Our tickets placed us in a four-person sleeper cabin with a young German couple. We all settled in quickly, stowing our large bacpacks under the bottom bunks and arranging our essentials in our respective beds. Earplugs and eye mask came in handy, but our six am arrival came before I was really ready for it.

Then it was off the train and into a minivan for the 1-1/2 hour drive to Sapa. The road was mountainous and curvey, and our driver took my breath away several times as he passed vehicles without being able to see if there was any oncoming traffic. We arrived safely in Sapa, however, and were dropped at a hotel where we had the opportunity to shower and have breakfast before heading out for a day of trekking. IMG_8377 Kuong was our guide, cook and companion for the following three days. A native of the area, this charming, gentle man, had a sly sense of humor and a deep knowledge of the local flora, fauna, geography and culture. The trails he took us on were challenging and the scenery was spectacular.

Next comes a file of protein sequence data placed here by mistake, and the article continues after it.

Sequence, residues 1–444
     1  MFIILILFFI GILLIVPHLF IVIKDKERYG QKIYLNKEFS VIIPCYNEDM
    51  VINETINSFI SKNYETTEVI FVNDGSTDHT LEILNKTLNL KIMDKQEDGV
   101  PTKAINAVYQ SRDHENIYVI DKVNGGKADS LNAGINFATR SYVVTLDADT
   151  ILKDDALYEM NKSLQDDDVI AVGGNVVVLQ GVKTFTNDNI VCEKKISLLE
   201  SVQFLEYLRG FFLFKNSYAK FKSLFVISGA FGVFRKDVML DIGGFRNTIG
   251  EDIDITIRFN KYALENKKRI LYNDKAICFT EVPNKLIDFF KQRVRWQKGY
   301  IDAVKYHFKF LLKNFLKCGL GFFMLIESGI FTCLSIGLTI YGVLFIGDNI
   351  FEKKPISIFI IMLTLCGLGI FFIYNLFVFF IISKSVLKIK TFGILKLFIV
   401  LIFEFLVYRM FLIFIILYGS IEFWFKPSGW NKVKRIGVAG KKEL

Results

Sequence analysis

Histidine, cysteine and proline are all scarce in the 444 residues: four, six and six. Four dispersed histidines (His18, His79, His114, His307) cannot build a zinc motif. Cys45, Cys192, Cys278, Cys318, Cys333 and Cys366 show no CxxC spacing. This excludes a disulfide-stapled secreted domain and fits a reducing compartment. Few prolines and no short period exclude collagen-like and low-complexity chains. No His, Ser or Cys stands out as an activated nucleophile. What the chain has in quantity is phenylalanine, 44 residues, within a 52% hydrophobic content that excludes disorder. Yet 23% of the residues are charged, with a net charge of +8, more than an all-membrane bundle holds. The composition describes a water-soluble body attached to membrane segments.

KuongIMG_8386 Our trekking group included the Germans we had slept with on the train and four young French people from Singapore. IMG_8468 Our visit to Sapa was in the rainy season. I think the trails would be tough regardless, but when they were wet and slippery, they were particularly rough. Local minority (Hmomg) village women latch on to the various groups of trekkers and offer a hand. Initially wary of what they would demand for compensation, I quickly gave in and accepted the assistance. Kuong said they would expect us to shop from them at the end of the day.

My helper in purple boots